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mikeb

Peanut Allergy

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I have to believe this is a common thing, my troop is getting a new scout with peanut allergies. I don't think he's so bad that the smell will do him in, but injestion is bad bad bad. This is a new one for us, so I'd like to hear from others with this situation how they are handling it.

My initial thought is that I really don't like the idea of a peanut ban. Peanut butter, trail mix, energy bars, etc., all staples of scouting. How do we balance keeping our staples while keeping him healthy?

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Unless it is so severe that he can't be around them, most units that I know of simply plan an alternate meal for the Scout. Now even given that, if the boys know, they may choose to plan peanut free meals around him. Something to consider is that peanuts contaminate nearly EAVERTHING that you would commonly use, so be sure to check labels carefully if he is not providing his own food.

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Be careful about who's carrying the food and who's handing things out, as well as what else that person has handled.(This message has been edited by BartHumphries)

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Also pay attention to cooking utensils. For some kids, simply sharing a serving spoon or spatula that has touched the offending item (peanut oil is in a lot of things) can be enough. Talk with the boy, mom, dad, and the Patrol Leader to make sure you all understand this boy's needs.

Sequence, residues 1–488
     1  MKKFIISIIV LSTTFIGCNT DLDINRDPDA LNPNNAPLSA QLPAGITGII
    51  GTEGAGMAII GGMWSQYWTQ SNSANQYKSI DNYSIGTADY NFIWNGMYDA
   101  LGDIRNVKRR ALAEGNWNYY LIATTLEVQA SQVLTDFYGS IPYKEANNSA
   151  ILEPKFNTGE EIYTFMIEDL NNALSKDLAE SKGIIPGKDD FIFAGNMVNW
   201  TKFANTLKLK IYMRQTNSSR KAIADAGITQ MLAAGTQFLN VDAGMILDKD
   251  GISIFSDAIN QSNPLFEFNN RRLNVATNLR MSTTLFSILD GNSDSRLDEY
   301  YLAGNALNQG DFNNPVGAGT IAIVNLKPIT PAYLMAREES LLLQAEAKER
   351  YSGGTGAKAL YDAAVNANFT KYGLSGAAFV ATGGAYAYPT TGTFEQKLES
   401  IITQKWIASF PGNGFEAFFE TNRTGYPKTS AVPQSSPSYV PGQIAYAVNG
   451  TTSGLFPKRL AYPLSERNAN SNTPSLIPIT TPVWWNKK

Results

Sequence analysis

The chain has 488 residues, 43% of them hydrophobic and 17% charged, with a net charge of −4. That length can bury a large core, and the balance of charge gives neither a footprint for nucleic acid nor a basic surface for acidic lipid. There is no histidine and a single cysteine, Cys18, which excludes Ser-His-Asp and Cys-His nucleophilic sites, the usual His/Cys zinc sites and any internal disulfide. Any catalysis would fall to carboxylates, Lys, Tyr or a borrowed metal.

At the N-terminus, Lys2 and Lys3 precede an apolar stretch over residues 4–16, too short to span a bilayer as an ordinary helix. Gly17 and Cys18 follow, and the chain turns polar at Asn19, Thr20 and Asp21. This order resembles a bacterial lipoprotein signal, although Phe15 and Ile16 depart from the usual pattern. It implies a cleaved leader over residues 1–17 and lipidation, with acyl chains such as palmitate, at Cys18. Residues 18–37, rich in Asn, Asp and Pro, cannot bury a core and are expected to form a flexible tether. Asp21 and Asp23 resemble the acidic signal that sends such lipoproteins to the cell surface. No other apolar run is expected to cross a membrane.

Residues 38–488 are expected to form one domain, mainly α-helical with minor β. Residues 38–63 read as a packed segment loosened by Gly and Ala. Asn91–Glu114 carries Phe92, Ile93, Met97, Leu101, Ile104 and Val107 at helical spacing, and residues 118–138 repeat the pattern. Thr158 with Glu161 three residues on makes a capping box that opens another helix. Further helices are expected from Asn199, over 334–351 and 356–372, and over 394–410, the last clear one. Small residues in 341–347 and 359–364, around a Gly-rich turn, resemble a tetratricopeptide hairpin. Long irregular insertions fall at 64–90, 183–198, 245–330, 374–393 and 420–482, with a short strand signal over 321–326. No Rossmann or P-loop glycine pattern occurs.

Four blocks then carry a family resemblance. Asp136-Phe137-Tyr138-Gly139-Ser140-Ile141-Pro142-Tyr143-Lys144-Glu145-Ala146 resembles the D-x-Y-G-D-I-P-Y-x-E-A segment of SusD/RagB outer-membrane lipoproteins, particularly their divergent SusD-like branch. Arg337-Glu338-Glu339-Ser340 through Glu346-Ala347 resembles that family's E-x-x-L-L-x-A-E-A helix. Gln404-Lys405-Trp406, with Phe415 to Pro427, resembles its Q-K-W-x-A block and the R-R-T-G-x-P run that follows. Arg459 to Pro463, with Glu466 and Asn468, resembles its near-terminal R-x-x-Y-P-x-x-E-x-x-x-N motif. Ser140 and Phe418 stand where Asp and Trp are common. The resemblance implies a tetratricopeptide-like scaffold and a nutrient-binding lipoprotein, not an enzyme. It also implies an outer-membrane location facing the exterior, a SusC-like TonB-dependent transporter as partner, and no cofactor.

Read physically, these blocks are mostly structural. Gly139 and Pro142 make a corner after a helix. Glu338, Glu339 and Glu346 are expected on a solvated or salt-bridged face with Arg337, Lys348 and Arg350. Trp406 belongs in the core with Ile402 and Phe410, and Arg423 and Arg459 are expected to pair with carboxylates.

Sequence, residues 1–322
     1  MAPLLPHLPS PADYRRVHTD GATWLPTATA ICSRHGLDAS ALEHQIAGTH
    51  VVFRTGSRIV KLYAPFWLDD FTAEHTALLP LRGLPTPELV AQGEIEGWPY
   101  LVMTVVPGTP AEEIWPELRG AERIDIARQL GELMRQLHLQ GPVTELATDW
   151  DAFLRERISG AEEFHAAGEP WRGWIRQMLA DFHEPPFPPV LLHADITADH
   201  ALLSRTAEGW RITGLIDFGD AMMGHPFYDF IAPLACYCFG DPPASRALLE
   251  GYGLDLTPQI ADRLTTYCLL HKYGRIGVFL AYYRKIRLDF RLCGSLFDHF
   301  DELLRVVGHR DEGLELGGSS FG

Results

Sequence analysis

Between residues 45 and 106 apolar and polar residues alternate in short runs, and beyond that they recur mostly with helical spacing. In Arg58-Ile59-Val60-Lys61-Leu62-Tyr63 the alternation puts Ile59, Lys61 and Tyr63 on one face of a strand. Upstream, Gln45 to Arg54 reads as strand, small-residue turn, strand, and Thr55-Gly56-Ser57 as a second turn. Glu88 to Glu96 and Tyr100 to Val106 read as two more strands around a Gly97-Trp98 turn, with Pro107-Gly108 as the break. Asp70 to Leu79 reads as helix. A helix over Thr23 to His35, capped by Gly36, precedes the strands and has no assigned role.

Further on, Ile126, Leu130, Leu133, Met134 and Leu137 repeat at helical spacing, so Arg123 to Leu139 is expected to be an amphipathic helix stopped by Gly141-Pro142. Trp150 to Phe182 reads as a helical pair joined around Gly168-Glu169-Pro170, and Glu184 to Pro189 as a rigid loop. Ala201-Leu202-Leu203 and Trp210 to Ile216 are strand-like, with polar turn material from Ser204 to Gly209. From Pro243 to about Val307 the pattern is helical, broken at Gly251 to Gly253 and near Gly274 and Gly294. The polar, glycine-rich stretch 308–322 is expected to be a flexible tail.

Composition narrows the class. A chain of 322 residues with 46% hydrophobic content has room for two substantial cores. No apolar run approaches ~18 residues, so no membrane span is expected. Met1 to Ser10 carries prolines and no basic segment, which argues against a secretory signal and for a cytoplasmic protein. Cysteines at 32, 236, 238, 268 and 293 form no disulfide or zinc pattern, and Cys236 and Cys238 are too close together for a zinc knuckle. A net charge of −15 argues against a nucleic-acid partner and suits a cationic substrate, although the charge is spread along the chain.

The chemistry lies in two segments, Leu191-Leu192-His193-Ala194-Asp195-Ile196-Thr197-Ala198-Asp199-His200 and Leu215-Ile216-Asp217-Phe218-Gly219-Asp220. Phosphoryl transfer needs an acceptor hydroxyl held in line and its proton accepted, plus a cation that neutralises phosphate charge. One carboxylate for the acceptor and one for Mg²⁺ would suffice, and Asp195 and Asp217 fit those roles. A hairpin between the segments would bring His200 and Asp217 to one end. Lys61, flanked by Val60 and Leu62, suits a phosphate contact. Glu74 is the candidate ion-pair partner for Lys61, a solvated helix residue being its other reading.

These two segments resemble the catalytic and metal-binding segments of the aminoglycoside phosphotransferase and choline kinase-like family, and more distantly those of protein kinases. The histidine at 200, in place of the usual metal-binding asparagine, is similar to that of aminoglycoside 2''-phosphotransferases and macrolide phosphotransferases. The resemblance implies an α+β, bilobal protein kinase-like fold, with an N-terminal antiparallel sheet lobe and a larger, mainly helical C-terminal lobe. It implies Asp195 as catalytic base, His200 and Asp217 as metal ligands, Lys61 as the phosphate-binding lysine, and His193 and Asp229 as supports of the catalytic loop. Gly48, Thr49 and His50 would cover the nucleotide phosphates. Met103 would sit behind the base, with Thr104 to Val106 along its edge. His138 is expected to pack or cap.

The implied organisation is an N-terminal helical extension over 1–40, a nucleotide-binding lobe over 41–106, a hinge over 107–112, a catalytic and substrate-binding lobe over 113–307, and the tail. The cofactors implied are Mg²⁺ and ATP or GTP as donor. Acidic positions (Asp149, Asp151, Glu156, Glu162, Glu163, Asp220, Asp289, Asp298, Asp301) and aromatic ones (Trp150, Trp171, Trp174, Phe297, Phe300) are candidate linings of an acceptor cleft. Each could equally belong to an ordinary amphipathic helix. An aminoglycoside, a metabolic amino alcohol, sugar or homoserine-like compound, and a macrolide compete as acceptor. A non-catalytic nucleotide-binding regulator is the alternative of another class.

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From the the BTDT side of the fence....I have several lethal food allergies and my daughter has a lethal peanut allergy.

 

It is imperative that you find out exactly how severe the Scout's peanut allergy is, and what measures are to be taken. Usually, a diagnosed peanut allergy involves the use of Epipen (Epinephrine Auto Injection) to counteract an attack. The patient will usually NOT be able to react quickly enough to inject himself/herself.

 

ALL adults that participate in Troop activities should be trained on the use of the Epipen. It is a trival device to use, however if used improperly it can completely ineffective. Epipen trainers are included in every Rx of the Epipen, so the parents should have them. I would be remiss if I did not say they are not completely accurate, as they do not accurately represent the "kick" from the loaded spring in the real device.

 

As a general rule, it should be assumed that any allergic response to a peanut allergy will be lethal. By that I mean that when people with a peanut allergy have a response, it is almost always anaphylaxis (closing off the airway), the only real variable is how long the response takes to set in. In may be minutes, it may be seconds.